After the unit of about 140 men were taught the basics, most of them were shipped out to other assignments.  But Smart stayed in San Diego for a 16-week course in most of the trades, concentrating in boiler making.  They emerged as third class firemen.  “There were 134 of us that they put on a ship.  They didn’t tell us anything.  It was a baby flattop (carrier).  Most of the fleet had been destroyed at Pearl.  They converted some of the cruisers into baby flattops.  It turned out that they were too short for the planes to land but they could transport planes.”

They arrived at Pearl Harbor where they were housed.  Smart watched over the next weeks as 132 of his unit shipped out to various assignments.  “They called the last two of us down one morning and took us to a 200-foot bunkhouse, with bunks as far as you could see.  I got one next to a boy from Rayne.  I asked how long he’d been there.  Ten months.  I said, ten months, I don’t have ten months, thinking I needed to be fighting somewhere.  Well, 25 months later, I finally got out of there.”

Sharp had landed in what was called the Ships Repair Unit.  “You’d think you’d repair ships but we did very little of that.  We weren’t set up for heavy work.  We were set up like a construction crew that did all sorts of work around the island.  The chief petty officer was superintendent of ironworkers, carpenters and all.  Each day, we’d go out to work, come home and clean up, then go to bed, just like regular workers.  I won’t tell you about all our work but there are a few.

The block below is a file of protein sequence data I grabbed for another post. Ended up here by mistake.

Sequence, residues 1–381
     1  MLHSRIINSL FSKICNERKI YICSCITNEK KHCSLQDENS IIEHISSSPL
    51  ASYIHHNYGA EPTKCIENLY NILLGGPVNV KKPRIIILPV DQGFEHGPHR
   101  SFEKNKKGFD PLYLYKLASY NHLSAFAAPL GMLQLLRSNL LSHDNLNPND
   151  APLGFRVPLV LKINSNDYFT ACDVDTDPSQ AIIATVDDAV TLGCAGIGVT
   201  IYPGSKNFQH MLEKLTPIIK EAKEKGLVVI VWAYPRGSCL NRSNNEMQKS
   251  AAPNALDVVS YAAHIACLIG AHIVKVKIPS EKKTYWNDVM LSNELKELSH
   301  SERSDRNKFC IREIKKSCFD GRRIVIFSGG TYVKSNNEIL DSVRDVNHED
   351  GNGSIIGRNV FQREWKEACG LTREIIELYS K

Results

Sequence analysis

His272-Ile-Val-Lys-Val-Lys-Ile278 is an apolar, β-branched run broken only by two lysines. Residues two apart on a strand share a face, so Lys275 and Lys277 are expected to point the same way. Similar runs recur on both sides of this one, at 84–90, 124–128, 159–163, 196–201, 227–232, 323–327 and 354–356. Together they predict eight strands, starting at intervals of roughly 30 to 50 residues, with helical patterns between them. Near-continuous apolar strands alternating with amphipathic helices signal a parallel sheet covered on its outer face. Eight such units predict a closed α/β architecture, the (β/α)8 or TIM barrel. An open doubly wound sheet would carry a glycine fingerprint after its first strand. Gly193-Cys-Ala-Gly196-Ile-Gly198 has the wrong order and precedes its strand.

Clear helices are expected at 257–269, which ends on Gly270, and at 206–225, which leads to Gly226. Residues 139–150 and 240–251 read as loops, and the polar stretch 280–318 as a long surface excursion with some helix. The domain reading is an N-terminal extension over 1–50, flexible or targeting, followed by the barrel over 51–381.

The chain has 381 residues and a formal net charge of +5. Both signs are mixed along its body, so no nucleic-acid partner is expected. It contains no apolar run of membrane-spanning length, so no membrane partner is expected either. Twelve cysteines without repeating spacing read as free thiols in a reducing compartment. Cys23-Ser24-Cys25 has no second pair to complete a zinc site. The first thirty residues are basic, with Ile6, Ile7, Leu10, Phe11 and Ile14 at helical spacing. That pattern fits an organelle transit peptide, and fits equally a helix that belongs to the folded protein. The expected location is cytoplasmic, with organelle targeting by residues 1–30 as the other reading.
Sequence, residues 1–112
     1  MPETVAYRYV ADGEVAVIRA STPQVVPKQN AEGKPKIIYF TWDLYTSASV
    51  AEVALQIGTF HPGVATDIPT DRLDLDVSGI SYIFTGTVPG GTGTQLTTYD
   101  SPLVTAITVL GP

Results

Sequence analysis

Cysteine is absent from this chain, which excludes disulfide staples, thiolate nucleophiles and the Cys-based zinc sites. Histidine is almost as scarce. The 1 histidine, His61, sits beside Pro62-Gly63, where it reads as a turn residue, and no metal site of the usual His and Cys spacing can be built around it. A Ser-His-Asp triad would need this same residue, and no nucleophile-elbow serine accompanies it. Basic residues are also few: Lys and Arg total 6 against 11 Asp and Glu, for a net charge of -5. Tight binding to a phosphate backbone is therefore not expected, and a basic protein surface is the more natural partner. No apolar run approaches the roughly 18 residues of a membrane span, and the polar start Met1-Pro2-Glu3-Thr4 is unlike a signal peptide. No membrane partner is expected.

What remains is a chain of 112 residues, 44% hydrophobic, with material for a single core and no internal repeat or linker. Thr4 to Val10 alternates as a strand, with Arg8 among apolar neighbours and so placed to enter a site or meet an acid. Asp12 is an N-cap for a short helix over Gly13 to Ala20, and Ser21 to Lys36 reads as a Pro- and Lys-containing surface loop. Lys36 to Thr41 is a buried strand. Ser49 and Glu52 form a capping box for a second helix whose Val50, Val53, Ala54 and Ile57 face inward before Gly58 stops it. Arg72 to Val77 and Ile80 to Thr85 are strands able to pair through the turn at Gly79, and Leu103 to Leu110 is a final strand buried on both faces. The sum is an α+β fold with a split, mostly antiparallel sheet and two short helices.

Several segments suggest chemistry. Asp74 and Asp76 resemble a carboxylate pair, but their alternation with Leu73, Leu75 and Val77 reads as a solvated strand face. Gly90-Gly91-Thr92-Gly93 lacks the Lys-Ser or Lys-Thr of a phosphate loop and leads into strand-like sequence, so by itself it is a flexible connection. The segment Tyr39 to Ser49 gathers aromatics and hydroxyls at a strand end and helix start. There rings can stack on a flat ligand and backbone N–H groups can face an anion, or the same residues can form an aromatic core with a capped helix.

“One day they started calling names, six of us.  They took us to a big hole in the ground and informed us we were about to build a swimming pool.  Well, we’d never done that before.  We were a crew that had put steel rebar to reinforce concrete.  But all the steel was straight and the pool wasn’t. We’d have to fabricate it.  I was the only one with any skills in reading blueprints and none of us had tied any steel.  By the time we were finished, most of us got good enough to get the job done.  It took several weeks.

“Another job was at the original coal docks, from back in time when there were coal-burning ships.  We cleaned that up and made a huge shop.  Machines and all.  Civilians took that over when it was completed.

“We had a dry dock, the second largest in the world.  We laid a keel to build a big barge, all welded, with a diesel-electric crane to lift smaller boats out of the water to work on them.  We worked 24 hours a day.  I caught the 3 a.m. to 11 a.m. shift.  When we got it to where it would float, we fired it up to see how it would work.  It had an 80-ton block on the main hook and a 20-ton on the jib.  It was a little unsteady so they filled the hull with concrete and said it was fine.”